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'Rising Tide' Chronicles Flow of Changes

  • Date Submitted: 01/28/2010 08:11 AM
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John M. Barry's Rising Tide: The Great Mississippi Flood of 1927 and

                  How It Changed America, takes us back 70 years to a society that most

                  of us would hardly recognize.

                  In 1927, the Mississippi River flooded 27,000 square miles from Illinois

                  and Missouri south to the Gulf of Mexico. No one expected the

                  government to help the victims. President Calvin Coolidge even refused to

                  visit the area. As a result, the flood created and destroyed leaders:

                  Herbert Hoover, Coolidge's secretary of Commerce, was considered

                  politically dead until he took over rescue/relief efforts. His competence and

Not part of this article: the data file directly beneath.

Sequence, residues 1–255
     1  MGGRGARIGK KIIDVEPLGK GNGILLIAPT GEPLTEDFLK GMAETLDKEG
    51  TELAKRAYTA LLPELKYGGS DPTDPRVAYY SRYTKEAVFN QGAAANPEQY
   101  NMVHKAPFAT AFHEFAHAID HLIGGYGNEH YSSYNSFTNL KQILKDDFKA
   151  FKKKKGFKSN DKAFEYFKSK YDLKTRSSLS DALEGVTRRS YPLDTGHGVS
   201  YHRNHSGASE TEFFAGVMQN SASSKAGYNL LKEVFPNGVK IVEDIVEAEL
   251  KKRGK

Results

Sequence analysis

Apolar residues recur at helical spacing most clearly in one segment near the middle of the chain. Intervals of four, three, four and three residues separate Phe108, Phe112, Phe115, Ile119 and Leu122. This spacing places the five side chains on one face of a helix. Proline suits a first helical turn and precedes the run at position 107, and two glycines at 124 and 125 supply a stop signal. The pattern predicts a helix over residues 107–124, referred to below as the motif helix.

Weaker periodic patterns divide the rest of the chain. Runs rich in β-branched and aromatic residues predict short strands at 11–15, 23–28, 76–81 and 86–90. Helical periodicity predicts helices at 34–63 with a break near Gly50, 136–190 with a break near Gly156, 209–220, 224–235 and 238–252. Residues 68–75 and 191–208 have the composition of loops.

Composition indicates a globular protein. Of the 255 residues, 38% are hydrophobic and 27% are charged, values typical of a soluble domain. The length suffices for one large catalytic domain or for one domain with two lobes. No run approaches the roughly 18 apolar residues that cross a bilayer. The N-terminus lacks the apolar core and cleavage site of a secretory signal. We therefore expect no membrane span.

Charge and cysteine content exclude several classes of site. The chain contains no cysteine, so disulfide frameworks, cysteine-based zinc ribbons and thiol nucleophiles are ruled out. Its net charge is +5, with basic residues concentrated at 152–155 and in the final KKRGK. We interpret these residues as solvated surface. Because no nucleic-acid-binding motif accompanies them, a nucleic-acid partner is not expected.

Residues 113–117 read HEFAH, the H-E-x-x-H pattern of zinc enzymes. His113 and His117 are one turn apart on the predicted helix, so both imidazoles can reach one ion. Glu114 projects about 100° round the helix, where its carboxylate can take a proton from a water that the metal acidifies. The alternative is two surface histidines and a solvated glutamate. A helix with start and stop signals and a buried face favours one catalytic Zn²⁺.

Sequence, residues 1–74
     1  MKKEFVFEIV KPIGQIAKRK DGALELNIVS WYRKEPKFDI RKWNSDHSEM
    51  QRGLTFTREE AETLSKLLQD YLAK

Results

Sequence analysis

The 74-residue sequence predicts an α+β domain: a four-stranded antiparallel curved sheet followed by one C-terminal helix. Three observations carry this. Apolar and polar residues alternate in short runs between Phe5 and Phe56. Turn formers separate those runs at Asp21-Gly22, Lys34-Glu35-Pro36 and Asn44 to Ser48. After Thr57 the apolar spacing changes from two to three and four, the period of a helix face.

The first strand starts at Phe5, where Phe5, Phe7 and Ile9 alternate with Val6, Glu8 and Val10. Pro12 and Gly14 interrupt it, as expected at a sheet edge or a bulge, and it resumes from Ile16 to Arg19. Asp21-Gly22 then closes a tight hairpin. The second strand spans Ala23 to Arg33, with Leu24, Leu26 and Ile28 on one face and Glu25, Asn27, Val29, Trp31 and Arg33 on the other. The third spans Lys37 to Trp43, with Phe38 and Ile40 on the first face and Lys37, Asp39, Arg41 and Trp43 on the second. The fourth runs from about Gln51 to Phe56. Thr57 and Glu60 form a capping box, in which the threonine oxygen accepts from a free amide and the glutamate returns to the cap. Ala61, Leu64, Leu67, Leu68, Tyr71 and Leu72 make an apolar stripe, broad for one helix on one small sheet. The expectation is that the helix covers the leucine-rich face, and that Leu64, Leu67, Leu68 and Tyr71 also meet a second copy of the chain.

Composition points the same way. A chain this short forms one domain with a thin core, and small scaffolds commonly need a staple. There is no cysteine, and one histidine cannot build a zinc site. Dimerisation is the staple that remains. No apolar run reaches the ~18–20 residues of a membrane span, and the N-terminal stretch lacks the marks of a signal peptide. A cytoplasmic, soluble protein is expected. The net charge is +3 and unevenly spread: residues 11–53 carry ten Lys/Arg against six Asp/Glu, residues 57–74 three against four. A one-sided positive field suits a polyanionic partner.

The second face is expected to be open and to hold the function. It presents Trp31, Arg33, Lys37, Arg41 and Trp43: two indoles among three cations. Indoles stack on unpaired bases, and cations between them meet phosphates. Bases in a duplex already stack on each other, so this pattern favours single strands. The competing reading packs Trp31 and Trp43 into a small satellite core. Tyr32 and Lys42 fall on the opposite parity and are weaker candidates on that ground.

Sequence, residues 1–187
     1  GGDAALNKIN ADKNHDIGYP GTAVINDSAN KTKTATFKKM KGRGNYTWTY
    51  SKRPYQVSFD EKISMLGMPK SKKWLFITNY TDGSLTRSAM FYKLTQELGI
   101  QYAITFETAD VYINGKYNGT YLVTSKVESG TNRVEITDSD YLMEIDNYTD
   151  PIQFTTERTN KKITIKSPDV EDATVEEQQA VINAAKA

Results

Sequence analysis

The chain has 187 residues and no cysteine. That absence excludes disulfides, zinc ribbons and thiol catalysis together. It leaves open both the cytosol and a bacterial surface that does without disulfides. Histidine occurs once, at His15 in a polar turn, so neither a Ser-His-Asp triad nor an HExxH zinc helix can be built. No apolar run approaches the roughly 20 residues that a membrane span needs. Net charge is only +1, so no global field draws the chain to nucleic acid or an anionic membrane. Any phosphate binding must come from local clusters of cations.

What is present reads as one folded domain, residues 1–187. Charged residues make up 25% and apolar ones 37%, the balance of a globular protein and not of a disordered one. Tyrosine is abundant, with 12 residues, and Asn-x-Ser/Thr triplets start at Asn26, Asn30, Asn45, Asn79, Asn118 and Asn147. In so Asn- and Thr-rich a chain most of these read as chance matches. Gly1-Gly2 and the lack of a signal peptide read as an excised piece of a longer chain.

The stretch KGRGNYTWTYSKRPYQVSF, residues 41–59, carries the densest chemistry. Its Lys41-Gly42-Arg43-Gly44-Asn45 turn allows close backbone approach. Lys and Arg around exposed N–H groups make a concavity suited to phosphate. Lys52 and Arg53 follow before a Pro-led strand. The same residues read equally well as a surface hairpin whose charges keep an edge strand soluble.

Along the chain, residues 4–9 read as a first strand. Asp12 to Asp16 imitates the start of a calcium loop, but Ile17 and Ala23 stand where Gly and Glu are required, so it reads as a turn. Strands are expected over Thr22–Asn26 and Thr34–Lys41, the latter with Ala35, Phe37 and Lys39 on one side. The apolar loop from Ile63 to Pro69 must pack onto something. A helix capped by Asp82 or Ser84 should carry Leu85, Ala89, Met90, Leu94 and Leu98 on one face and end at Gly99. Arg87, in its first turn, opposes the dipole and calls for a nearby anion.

public relations skills sent him to the White House in 1928. (But his

                  duplicity in dealings with black leaders helped begin turning black voters

                  from the Republican Party of Lincoln to the Democrats.)

                  The Percy family, planters who had built an ``empire'' around Greenville,

                  Miss., moved onto the national, even the international, stage. In 1922,

                  LeRoy Percy's sense of obligation to blacks led him to fight the Ku Klux

                  Klan, then a national power.

                  Yet in 1927, Percy more than acquiesced when the Mississippi National

                  Guard held black refugees in camps, forcing them to work on levees in

                  conditions close to slavery.

                  In New Orleans, officials dynamited a levee south of the city. Water

                  washing across St. Bernard and Plaquemines parishes relieved pressure on



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